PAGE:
Frederick Douglass: Life of an American slave

In the Narrative of the Life of Frederick Douglass, an American slave, Douglass describes the dehumanization of both slaves and slave owners. Many slaves were dehumanized by getting beat, raped and even killed. He has seen many horrid things like the incident with Denby’s death and how he had to fight over scraps of food. Douglass not only describes the dehumanization of the slaves, he also talks about how it also changed many of the slave owners that he had encountered.

The first time Douglass sees the dehumanization of the slave owners was when he met Mrs. Auld. She had never owned a slave before so she treated him with respect and with kindness. At first, Mrs. Auld is described by Douglass as angelic, kind, and humble. She taught him the alphabet and how to read. Frederick said, “When I went there, she was a pious, warm, and tender-hearted woman. There was no sorrow or suffering for which she had not a tear.

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She had bread for the hungry, clothes for the naked, and comfort for every mourner that came within her reach.”(pg. 82) However, her husband scorned her for teaching a slave how to read. He influenced her with his corrupt mindset about treating slaves and changed Mrs. Auld from “Angelic” to “demonic” as Frederick described. He said, “Slavery soon proved its ability to divest her of these heavenly qualities. Under its influence, the tender heart became stone, and the lamblike disposition gave way to one of tiger-like fierceness.

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This shows how immensely Mrs. Auld was changed just by her husband commanding her and telling her what was right in his mind. Once she discovered this new found power, that she has power over another human being, she used it to her advantage and went from being the nice lady that taught Douglass how to read to the lady that would punish him if she caught him reading. Another example of the dehumanization of the slave owners is Mr. Covey. He was a very religious man and was also nicknamed the “n****r breaker” because all the slaves that went to him, he emotionally broke, leaving their life even more depressing and gloomy. Mr. Covey was proud of his nickname and cared very much for his reputation.

It says in the novel, “Added to the natural good qualities of Mr. Covey, he was a professor of religion — a pious soul — a member and a class-leader in the Methodist church.”(Pg. 101) Covey was devoted to religion and breaking his slaves to build on his reputation that he has. The dehumanizing part is that he likes what he does and how he beats the poor slaves. The novel states, “My natural elasticity was crushed, my intellect languished, the disposition to read departed, the cheerful spark that lingered about my eye died; the dark night of slavery closed in upon me; and behold a man transformed into a brute!” this shows how cruel Mr. Covey is that he made Douglass “transform”. Everything that he learned went away, his slight sense of joy if there was any was now wiped away from him. Douglass also talks about the dehumanization of the slaves.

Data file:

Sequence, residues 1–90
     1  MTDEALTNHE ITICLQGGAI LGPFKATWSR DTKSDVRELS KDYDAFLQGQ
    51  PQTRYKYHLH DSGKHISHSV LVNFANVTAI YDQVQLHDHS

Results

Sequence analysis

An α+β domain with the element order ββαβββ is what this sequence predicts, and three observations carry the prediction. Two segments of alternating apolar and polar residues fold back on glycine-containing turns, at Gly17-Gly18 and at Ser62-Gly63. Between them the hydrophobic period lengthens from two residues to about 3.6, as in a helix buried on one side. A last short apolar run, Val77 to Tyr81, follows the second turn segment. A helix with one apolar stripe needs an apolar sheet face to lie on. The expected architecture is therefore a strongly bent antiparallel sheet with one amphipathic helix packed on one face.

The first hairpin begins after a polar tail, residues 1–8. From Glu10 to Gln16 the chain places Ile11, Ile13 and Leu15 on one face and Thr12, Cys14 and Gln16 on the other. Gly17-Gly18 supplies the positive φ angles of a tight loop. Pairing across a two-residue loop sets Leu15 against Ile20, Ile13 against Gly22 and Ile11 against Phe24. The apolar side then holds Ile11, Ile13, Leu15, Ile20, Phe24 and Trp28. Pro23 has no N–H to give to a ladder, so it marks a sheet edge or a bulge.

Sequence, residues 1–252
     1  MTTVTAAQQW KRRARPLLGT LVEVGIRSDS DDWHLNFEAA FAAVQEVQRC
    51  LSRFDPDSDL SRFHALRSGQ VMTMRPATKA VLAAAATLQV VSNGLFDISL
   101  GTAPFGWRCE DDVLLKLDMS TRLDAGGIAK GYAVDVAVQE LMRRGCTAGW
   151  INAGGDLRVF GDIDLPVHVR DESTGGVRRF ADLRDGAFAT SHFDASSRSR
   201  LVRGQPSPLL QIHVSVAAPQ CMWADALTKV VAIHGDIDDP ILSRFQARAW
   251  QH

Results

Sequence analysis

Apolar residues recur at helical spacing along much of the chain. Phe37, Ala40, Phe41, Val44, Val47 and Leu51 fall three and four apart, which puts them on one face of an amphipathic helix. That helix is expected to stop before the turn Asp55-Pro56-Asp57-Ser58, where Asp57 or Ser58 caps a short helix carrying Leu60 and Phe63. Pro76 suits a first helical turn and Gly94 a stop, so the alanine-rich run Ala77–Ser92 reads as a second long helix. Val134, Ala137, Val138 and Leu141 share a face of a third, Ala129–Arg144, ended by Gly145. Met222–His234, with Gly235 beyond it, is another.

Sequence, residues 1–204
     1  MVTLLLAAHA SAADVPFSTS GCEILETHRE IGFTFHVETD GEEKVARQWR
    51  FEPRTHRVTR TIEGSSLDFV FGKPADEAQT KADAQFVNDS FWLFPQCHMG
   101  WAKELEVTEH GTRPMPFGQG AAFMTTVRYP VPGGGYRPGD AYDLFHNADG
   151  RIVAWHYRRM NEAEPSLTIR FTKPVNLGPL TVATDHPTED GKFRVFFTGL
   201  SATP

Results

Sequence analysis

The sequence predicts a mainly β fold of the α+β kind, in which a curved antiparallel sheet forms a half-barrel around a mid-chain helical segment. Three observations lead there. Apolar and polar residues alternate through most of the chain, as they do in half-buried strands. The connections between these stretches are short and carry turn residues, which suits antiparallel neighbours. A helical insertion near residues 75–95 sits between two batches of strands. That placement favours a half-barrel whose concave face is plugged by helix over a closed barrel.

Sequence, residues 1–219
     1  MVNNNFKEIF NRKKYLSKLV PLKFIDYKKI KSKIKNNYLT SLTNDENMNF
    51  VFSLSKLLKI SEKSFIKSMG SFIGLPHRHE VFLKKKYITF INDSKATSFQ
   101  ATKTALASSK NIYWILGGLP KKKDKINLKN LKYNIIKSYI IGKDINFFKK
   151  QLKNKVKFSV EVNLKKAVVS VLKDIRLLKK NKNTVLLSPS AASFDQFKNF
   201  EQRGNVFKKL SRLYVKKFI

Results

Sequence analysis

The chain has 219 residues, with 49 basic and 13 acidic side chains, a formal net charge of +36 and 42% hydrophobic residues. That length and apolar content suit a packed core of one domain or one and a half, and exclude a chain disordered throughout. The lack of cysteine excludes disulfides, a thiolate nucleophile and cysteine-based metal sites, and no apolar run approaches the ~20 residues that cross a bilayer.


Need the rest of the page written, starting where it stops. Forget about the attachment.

Branching off from Mr. Covey, Many women slaves were dehumanized by being “baby machines.” Mr. Covey bought a women slave, Caroline, and her only job was to breed with another man which was Samuel Harrison which was a married man. This is very contradictory because Covey claims to be a man of god when he is doing things like this. Another example of the dehumanization of slaves was when Douglass and his mother were separated when he was born. The slave owners didn’t want them to gain affection with each other because they thought it would distract them from working. In the novel it says, “I do not recollect of ever seeing my mother by the light of day. She was with me in the night. She would lie down with me, and get me to sleep, but long before I waked she was gone.”

This shows how his mother would walk all the way to another plantation just to see him at night when he was sleeping because she loved him very much. It was very dehumanizing when Douglass described what kind of food they had to eat, “We were not regularly allowanced. Our food was coarse corn meal boiled. This was called MUSH. It was put into a large wooden tray or trough, and set down upon the ground.” He later describes how the children were called to eat the mush like pigs and how they had to fight over the little they had. It was the survival of the fittest. As you can see, dehumanization had an effect on the slaves by destroying them physically and mentally, making them depressed and malnourished, and in some cases, dying. There were also effects on slave owners but not as bold as the ones slaves endured. Mrs. Auld went from being a nice, angelic lady who was nice to everyone and everything to cruel and punishing.

Cite this page

Frederick Douglass: Life of an American slave. (2016, Dec 14). Retrieved from

Frederick Douglass: Life of an American slave

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